Recent technological advances sure have made people’s lives easier and even better. What used to take up more office/room space can now be confined inside the laptop, PC, smartphones and similar gadgets which take only little spaces in a room. Photos, documents, music albums, books, games, and even artworks become just clicks away; no more rummaging through boxes to look for old photos and files, no more mounds of paper prints, no more visual muddle. However, there’s a hitch in everything. Aside from the apparent disadvantage of not being able to actually hold these files by the hand, they create a commonly ignored but seemingly serious dilemma–the digital clutter.Everyone who has gotten himself into the technological world encounters this problem. Just yesterday, I spent almost all day cleaning up/organizing the disk drives of my laptop, even my external hard drive where I back up my important files. This, in my opinion, is quite a rigorous job. When we’re in a hurry, we save the files we create wherever it’s convenient, in my case, the desktop or documents folder. I encounter no problem regarding this if I get back to the file at once since I’m still able to recall where I put it or what file name I saved it under. The problem comes after a certain amount of time in this routine when I see files and folders in every corner of the desktop or documents folder window screen-submissions, files for uploads, pdf downloads used for research, photos taken from the internet, more than half a dozen folders under various names that all meant “to sort”, and more. Had it been in an actual room, it needs serious organizing and cleaning up.Of course, such a situation can be avoided, but urgent situations are also inevitable. Take doing online research for instance; sometimes we only have very limited time on the internet that we have to download PDF files and copy+paste online resources in a jiffy, we may not be able to change the file names of downloaded files at once, or save documents under appropriate names and in the right places. I had this experience during my thesis research phase, I downloaded and saved lots of documents and chucked it in a desktop folder named “THESIS”. Yes, I successfully put it in one folder, but it’s inside that folder where the actual dilemma starts. During times like this, I often wonder if I’d prefer a cluttered room with all the readings within my reach or a messy computer screen full of teeny thumbnailed files.What I do to cope with this? The trick is with the date.Photos.I arrange photos by date and put them in folders much like storing printed photos in labeled boxes.1. I create a folder named with the year (e.g., 2013).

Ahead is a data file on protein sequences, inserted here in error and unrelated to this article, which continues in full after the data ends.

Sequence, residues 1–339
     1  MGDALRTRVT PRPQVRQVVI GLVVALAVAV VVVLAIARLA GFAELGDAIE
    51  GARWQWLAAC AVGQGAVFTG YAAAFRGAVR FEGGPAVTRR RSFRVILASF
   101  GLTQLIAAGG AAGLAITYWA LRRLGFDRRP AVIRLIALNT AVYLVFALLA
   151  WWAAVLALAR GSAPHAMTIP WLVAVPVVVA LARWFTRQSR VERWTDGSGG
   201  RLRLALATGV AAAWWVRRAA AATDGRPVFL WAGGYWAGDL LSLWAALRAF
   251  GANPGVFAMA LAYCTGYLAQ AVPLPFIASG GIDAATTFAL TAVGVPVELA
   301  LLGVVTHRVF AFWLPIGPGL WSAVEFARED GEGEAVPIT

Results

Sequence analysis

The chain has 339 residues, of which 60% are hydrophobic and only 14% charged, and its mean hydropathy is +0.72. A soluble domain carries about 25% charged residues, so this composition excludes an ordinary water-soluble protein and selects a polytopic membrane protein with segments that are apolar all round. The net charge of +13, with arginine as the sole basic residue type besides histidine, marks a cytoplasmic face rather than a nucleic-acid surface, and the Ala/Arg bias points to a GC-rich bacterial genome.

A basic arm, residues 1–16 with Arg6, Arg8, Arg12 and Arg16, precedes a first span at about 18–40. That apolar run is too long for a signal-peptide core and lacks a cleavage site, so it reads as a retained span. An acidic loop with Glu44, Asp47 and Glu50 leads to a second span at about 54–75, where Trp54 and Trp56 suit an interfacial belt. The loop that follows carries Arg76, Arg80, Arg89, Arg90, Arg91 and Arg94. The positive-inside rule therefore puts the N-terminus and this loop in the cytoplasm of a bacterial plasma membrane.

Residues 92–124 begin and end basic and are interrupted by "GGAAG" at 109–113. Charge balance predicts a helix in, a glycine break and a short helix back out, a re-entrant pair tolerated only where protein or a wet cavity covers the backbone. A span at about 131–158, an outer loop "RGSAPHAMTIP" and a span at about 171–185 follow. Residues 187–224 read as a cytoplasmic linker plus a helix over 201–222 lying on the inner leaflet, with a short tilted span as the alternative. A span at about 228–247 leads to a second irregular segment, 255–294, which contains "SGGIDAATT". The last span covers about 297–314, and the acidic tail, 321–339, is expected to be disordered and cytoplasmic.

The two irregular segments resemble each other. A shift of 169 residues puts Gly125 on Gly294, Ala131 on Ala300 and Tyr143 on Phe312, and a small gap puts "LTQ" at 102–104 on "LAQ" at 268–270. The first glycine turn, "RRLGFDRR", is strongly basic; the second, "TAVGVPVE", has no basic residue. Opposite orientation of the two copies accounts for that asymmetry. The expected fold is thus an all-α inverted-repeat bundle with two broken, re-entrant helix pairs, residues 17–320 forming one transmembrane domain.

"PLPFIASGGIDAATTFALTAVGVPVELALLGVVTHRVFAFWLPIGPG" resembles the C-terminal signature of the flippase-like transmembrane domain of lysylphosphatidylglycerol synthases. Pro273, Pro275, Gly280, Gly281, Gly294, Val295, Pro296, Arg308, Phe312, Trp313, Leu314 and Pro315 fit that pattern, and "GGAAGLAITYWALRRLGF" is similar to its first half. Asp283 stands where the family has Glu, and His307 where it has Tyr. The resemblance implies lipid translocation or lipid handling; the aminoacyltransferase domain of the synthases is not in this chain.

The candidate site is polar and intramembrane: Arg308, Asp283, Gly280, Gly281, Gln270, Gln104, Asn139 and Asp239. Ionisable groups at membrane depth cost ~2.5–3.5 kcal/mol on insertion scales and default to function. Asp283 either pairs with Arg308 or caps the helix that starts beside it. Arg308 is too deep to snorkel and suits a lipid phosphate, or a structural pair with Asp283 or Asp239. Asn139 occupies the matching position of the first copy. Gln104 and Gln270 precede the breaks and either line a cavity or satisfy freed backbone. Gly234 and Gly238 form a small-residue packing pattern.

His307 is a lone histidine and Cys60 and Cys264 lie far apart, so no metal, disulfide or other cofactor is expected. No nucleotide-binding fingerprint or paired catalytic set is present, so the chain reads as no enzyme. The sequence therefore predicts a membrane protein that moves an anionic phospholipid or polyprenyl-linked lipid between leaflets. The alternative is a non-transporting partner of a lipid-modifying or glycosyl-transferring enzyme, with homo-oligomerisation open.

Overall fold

2. Under the year folder, I create the months folder with the month’s order number prior to the name (e.g., 01_January).
3. I make the folders of the dates of days I have photos taken, along with the date I assign a name for the particular activity of the day (e.g., 01_New Year with my family).I got this from my sorority sis, although she eventually deleted her old photos. I’ve been doing this to my photos since 2008. This way, I easily find my way back to the photos I want to view randomly or purposefully. Doing this has also helped me many times to remember dates of particular activities in the past.Videos.I basically organize my videos the same way I do with my photos, only slightly different. I skip the third step for the videos since I don’t take many videos everyday. Instead, I name my videos with the date before the actual video title (e.g., 01-01-13_New Year’s Fireworks).School files.Back in college, I used to arrange my files by subjects and by semester. The thesis year was an exception since there was way too many files and it was too tiring to locate the folders.1. I create the folder for the academic year (e.g., AY 12-13)
2. I create the folder for the semester (e.g., 1st Sem)
3. Under this folder, I create folders for the subjects (e.g., Ar146)And then I plunk the files in respective folders.For other files, I haven’t really looked into them yet. Of course, for other projects I also put them in the folder with the date I created them, and when I revise them I save them in the folder with the date I made the revision. This way I can track my progress.A clean and organized workspace gives a person peace of mind. A clear mind promotes faster and more efficient work. A happy work condition promotes progress.